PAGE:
variety, according to the Environmental Working Group, but it, too, is still
high enough to warrant springing for the organically grown ones.

4: Peppers (and a Few Other Veggies)

Organically grown heirloom peppers avoid the problem of pesticide
absorption.­Peppers -- be they big, sweet bells or tiny, fiery scotch bonnets --
absorb pesticides like a sponge through their thin skins. They are prone in
insect infestation, too, so they're subject to heavy sprayings of insecticides
on the big commercial farms. Many peppers are imports from other countries where
standards are not as restrictive as those in the United States. Even washing and
peeling the colorful beauties can't eliminate the contamination.

Other veggies that show a high level of pesticide residue are celery, green
beans and tomatoes. Cherry and grape tomatoes are small and difficult to wash.
Celery has no protective skin so it's another candidate for organic purchase.
The Environmental Working Group also rates carrots and cauliflower as
questionable in term of pesticide load; so if you're skittish, you might want to
look for their organic versions [source: EWG].

3: Leafy Greens

An organic garden at San Francisco's City Hall features leafy greens.­The salad
bowl sounds healthy enough, but fill it with chemical-laden greens, and some
people would call it a poisoning waiting to happen. Insects, worms and slugs
love the tender leaves of spinach and lettuce just as much as we do. Some of the
most potent pesticides in use are sprayed right on the le­aves we crunch on in
our chef's salad. Spinach had the highest number of pesticides of any vegetable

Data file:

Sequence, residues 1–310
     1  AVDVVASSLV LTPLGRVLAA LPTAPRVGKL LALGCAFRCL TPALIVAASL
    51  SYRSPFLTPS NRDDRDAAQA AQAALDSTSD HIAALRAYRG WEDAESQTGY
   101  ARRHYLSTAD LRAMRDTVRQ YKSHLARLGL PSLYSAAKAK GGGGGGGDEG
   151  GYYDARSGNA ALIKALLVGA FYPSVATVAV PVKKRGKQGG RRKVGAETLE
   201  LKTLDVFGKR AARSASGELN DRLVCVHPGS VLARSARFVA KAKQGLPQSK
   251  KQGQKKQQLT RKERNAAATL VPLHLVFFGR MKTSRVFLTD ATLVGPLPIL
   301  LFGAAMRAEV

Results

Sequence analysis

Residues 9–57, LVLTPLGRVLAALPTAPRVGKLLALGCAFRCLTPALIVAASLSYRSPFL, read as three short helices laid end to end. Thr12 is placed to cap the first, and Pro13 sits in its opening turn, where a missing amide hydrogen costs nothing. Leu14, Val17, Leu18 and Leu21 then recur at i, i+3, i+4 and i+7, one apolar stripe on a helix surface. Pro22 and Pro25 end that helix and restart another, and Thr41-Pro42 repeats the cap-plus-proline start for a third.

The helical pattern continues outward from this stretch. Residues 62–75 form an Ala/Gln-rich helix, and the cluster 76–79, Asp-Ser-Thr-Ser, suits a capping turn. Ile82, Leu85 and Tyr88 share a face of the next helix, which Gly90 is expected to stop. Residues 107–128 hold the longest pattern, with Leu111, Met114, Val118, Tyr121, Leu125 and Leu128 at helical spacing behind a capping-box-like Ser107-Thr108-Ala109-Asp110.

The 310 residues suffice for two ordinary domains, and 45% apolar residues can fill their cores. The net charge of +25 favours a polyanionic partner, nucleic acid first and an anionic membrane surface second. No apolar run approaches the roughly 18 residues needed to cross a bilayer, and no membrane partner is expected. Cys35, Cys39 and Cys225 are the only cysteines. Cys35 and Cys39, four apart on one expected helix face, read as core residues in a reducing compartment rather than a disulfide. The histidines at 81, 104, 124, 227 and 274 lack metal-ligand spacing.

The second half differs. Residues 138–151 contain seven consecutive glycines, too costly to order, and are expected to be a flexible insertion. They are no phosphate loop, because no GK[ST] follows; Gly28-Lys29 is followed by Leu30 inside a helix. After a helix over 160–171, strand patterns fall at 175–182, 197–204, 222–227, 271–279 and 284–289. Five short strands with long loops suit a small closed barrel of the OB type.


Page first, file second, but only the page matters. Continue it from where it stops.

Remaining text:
tested in the Environmental Working Group's study [source: EWG]. Organic growers
use traps, nontoxic repellents and mesh nets to keep the insects at bay.
Greens such as kale, mustard greens, turnip greens and collards are also at high
risk of pesticide contamination. Purchase organic versions of these hearty
greens if they're available.

2. Baby Food

Since babies are susceptible to pesticides, it's wise to invest in organic baby
food for your child.­Babies and small children are especially susceptible to the
harmful effects of pesticides, antibiotics, hormones and chemicals. Because baby
food is often made of condensed vegetables and fruit, the level of any chemicals
found on the food is intensified.

Many pesticides used on fruits and vegetables are toxic to the brain and can
interfere with development. The synthetic growth hormone used in meat can
potentially cause early puberty in girls [source: Cornell]. Exposure to toxins
at certain phases of development can be critical. Toxins that would have no
effect on an adult can harm the ner­vous system and brain of a child. Factor in
the baby's small body size, and you could have a dangerous combination.
Even if a child has been eating nonorganic food, making the switch can influence
the level of pesticides in the blood [source: Curl]. Eating organic can benefit
a child even before he or she is born. Toxic chemicals in a mother's bloodstream
can pass through to her fetus [source: Consumer Reports].

1. Your Own Personal Faves

If you eat a lot of one particular food, it's worth it to buy the organic
version.­Harmful chemicals are all around us -- in our bodies, in our
environment and in our food. Maybe you can tolerate a little bit of pesticide,
but, like anything else, you can overdo it. Experts say anything you eat in
abundance should be organic in order to avoid overexposure to certain chemicals.
While a little bit of pesticide residue in your favorite tortilla chips may be
OK, if you eat a bag of them a day, you may be flirting with toxic buildup (not
to mention obesity). Same with peanut butter, rib eye steaks, corn and so on.
It's especially important to remember this rule for babies and children because
their small body size means toxins can accumulate quickly.